The Student News Site of East Lansing High School


The Student News Site of East Lansing High School


The Student News Site of East Lansing High School


Students and staff observe the first solar eclipse since 2017; school hosts a viewing area while others travel

Photo by Nina VanOtteren
Earth and space science teacher, Geralynn Jackson instructs her class outside during the solar eclipse on April 8.

On April 8, East Lansing experienced a partial solar eclipse in the early afternoon, just before school ended. The eclipse began at 1:56 p.m., with partial totality occurring around 3:12 p.m., just after many students were dismissed for the school day. The eclipse ended at 4:25 p.m. Earth and Space Science teachers, Geralynn Jackson and Douglas Damery planned activities that involved the eclipse starting in January. 

“The biggest part was [the] legal stuff, making sure that we had liability waivers and things like that, and then getting the glasses which was kind of tricky because they were running out by the time we got to the point where we were ordering them,” Damery said.

Purchasing the correct glasses required more effort than simply going on Amazon and placing the order. The school needed to make sure that the glasses were ISO-certified and that they were from a reputable company. Damery gave Assistant Principal, Ashley Schwarzbek the information for the glasses, and she coordinated the ordering.

“She originally ordered enough for our classes plus a few extras, and then went back and ordered enough for the whole school,” Damery said.

Story continues below advertisement

Schwarzbek felt that it was safer for every student to have a pair of glasses since the eclipse was happening right after school. 

However, not all students watched the eclipse from East Lansing. Ele Salvador (10) traveled to Toledo, Ohio to be in the line of total totality, which lasted for about two minutes. Salvador watched this phenomenon in an open field off the freeway for the best view.

“We were in a field between Chipotle and I-75, but there were a lot of people there also,” Salvador said. 

About three hours south from East Lansing, Heather Mueller, a science teacher, traveled to watch her second eclipse. She hopes to see the next one as well. Like Salvador, she also wanted to see totality.

“Before it becomes completely dark, it’s almost like you’re in a movie theater where they begin to turn down the lights and it just kind of goes, and then the whole sky turns dark,” Mueller said. “It looks like nighttime.”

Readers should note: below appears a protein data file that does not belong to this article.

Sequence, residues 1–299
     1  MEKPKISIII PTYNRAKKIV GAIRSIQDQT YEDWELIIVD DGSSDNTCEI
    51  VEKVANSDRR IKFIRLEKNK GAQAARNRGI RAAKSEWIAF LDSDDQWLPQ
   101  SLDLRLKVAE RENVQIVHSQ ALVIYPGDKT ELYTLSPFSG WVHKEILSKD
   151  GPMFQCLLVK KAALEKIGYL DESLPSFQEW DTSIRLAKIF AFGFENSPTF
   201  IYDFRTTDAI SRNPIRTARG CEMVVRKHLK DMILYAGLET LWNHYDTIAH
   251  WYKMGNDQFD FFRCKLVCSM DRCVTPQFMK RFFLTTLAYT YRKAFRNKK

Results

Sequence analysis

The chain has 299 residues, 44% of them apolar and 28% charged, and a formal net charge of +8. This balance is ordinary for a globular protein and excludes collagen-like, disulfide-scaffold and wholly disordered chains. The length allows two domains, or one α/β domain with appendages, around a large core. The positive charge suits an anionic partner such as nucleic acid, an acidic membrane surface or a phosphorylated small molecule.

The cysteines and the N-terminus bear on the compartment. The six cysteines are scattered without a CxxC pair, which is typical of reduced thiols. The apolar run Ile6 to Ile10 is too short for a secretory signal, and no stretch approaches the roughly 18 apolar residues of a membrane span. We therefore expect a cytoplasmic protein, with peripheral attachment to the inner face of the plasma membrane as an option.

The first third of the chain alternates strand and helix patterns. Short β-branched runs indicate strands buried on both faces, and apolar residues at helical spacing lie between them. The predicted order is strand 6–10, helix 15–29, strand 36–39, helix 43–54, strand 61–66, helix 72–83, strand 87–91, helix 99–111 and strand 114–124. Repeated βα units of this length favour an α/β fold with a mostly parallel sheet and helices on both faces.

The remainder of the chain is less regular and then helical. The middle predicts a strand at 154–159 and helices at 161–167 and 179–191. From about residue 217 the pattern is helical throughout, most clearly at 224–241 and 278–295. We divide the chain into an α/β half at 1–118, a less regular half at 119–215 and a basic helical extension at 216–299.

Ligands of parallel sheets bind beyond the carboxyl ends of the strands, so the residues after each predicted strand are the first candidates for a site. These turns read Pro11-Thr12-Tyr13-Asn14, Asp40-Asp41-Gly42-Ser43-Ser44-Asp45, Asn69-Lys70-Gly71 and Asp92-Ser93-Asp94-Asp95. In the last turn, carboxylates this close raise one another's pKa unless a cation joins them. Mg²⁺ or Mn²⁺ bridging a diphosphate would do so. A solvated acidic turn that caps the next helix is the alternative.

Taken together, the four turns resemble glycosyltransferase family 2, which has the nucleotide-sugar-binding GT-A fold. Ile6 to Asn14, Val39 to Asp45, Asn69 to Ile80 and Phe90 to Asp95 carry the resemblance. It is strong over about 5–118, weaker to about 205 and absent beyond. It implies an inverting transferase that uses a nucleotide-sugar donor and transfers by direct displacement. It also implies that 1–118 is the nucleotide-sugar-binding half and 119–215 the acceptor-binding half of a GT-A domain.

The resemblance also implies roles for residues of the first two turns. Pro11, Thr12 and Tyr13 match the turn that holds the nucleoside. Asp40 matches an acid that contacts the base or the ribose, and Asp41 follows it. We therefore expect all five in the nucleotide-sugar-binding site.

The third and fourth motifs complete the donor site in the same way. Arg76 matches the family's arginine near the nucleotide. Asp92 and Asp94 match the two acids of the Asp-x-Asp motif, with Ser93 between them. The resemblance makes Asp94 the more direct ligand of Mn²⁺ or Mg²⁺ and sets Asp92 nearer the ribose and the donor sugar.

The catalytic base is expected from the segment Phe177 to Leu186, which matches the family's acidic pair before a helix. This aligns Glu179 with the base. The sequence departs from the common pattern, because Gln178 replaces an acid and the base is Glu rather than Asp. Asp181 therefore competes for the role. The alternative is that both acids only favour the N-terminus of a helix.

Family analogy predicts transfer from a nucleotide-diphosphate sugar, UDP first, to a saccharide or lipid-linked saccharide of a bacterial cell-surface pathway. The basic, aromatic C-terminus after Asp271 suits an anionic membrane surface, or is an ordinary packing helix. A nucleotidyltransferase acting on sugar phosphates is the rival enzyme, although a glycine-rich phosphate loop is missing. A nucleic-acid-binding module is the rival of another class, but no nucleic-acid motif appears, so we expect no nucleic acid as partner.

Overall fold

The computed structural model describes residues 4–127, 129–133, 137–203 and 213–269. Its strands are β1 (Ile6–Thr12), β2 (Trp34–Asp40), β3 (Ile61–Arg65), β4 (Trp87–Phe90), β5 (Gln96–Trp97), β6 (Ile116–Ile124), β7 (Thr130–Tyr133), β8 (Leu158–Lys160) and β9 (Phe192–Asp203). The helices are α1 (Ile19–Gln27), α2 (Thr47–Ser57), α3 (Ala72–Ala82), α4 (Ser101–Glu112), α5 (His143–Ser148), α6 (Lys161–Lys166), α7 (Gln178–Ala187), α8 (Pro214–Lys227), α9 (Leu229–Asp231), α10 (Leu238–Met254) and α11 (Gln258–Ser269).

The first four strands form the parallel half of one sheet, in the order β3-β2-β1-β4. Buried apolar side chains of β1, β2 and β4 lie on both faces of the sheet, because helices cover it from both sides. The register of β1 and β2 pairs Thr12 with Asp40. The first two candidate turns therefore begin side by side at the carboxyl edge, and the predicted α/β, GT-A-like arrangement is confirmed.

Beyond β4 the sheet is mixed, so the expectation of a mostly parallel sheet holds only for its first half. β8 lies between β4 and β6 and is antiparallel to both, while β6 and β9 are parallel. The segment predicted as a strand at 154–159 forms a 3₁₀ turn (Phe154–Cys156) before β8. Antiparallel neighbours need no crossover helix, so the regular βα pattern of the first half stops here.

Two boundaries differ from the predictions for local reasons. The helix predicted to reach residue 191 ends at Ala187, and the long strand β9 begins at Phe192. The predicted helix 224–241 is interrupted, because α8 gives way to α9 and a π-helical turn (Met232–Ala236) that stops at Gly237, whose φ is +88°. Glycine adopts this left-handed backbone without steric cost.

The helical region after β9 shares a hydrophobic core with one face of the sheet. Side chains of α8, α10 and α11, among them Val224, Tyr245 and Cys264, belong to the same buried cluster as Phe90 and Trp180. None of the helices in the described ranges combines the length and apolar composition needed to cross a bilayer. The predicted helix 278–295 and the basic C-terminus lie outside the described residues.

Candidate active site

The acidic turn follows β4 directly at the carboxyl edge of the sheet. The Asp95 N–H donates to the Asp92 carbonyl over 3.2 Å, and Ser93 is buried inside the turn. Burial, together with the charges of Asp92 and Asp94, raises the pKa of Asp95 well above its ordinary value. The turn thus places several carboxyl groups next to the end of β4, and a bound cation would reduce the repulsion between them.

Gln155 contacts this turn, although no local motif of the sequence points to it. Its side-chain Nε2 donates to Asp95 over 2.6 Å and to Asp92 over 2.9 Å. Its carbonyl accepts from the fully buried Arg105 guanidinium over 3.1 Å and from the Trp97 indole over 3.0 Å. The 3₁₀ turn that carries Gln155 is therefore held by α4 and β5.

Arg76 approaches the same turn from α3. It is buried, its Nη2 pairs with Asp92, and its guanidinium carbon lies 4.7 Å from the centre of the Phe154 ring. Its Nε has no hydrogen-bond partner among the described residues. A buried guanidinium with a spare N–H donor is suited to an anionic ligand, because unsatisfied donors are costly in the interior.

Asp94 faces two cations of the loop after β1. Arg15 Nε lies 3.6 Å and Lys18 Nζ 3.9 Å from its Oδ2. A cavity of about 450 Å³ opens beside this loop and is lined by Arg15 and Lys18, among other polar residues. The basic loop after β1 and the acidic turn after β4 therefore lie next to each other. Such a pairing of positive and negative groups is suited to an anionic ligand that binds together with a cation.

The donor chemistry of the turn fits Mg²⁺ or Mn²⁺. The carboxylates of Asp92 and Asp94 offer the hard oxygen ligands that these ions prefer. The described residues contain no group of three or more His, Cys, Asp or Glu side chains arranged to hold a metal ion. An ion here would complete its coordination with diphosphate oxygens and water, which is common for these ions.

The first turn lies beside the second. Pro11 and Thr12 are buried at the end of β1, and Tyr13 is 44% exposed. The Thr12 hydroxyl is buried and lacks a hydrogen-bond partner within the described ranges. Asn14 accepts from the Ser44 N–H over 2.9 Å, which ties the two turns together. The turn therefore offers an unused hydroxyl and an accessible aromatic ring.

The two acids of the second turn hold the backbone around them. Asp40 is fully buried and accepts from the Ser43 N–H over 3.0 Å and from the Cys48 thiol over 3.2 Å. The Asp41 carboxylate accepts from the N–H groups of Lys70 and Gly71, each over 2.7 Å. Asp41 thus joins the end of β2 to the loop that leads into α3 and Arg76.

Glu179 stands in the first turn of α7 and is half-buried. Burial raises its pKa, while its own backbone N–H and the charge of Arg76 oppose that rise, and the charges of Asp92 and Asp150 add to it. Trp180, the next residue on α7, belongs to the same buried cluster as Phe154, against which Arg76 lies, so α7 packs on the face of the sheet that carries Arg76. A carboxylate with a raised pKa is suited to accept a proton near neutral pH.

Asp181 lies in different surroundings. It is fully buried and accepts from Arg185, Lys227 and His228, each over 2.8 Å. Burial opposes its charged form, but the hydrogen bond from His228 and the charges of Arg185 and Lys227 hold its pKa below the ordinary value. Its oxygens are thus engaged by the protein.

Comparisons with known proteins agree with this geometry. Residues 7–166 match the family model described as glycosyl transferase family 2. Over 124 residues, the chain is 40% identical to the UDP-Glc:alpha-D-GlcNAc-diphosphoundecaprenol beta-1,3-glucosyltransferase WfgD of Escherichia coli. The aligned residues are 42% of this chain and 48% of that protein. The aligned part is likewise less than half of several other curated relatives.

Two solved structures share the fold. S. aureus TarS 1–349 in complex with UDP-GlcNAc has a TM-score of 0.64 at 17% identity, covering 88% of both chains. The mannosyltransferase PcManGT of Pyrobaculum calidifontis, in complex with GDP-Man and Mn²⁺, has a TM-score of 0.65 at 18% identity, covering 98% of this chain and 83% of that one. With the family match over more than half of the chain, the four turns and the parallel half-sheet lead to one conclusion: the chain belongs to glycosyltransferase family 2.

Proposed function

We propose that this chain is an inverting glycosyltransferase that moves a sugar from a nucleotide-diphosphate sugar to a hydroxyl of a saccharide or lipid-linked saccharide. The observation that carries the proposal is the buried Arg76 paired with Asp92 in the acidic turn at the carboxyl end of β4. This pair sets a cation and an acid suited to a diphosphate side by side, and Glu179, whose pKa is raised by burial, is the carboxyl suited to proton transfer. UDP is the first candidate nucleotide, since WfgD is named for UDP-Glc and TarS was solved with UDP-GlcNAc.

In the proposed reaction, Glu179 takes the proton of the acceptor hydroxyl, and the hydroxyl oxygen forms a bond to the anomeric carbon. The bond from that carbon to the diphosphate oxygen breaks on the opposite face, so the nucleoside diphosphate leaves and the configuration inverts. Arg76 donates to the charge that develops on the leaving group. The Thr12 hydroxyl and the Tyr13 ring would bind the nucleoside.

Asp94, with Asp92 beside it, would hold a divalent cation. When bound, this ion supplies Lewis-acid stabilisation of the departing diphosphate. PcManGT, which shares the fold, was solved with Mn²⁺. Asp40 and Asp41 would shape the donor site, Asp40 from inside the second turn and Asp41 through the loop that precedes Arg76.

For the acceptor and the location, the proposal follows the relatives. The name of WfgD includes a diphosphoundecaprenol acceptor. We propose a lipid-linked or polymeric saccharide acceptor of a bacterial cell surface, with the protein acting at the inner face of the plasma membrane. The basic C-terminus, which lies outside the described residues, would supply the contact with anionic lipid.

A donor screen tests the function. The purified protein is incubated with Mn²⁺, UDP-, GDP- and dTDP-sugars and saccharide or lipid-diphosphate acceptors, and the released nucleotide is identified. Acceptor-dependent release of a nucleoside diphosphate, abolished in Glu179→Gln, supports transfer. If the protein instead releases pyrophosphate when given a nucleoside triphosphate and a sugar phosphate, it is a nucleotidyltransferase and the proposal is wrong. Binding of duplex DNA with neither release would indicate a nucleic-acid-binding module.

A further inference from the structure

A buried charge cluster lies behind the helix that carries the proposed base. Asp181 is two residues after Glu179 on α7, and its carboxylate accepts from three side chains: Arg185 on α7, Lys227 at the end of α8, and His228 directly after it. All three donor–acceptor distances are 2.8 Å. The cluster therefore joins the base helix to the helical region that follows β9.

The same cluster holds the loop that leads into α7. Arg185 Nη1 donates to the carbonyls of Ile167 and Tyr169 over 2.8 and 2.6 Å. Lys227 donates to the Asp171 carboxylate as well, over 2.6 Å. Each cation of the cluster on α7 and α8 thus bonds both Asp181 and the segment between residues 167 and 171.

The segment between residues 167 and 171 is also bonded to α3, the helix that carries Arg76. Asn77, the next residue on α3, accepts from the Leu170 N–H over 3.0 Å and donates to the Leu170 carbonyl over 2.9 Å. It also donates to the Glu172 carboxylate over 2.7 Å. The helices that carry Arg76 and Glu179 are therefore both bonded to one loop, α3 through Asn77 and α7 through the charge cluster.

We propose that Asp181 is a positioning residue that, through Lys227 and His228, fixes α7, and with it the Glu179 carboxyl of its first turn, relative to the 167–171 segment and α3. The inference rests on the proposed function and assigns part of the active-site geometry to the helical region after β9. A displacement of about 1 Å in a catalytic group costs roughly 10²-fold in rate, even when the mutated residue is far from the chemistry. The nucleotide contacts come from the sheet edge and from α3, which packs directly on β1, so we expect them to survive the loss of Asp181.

Still, most students did not travel to see the full eclipse. Instead, they stayed home and watched from the football field which was one of the activities that Jackson and Damery planned. While on the field students wanted to capture the moment, impelling them to get increasingly creative. Because students were discouraged from pointing their cameras directly into the sun, since it could damage the sensor, students found ways around this problem.

“What [one of my students] did was he put a magnifier on the outside of his phone and between his case, and then he borrowed someone’s glasses, so he could take a picture of the eclipse,” Jackson said. “That was clever.” 

Both Jackson and Damery went through lots of work and planning so their students would have a lasting memory of this phenomenon and a complete understanding of the science behind it. 

“[In class] we talked about the basic geometry of an eclipse, how solar eclipses are different from lunar eclipses and how the sun will never come between the Earth and the Moon,” Damery said. “That’s not an eclipse, that’s called an apocalypse.”

Both science teachers felt that it was important to stress this eclipse because they hoped it would give them a lasting desire to learn and experience future solar eclipses. 


Leave a Comment
More to Discover
About the Contributors
Liliane Klotz
Liliane Klotz, Staff Writer
Liliane is in the class of 2026 and is a staff writer for Portrait.  This is her first year on staff as a sophomore.  Liliane's favorite thing about journalism is sharing stories that would other wise go unheard. When she's not in the newsroom, Liliane spends most of her time dancing and in her free time she enjoys crafting.
Nina VanOtteren
Nina VanOtteren, Photography Editor
Nina is a member of the Class of 2025 and is a Photography Editor for Portrait. This is her second year on staff as a junior. Nina’s favorite thing about journalism is being able to inform others about things going on through different perspectives. When she is not in the newsroom, Nina loves skiing, spending time with friends and playing soccer.

Comments (0)

All Portrait Picks Reader Picks Sort: Newest

Your email address will not be published. Required fields are marked *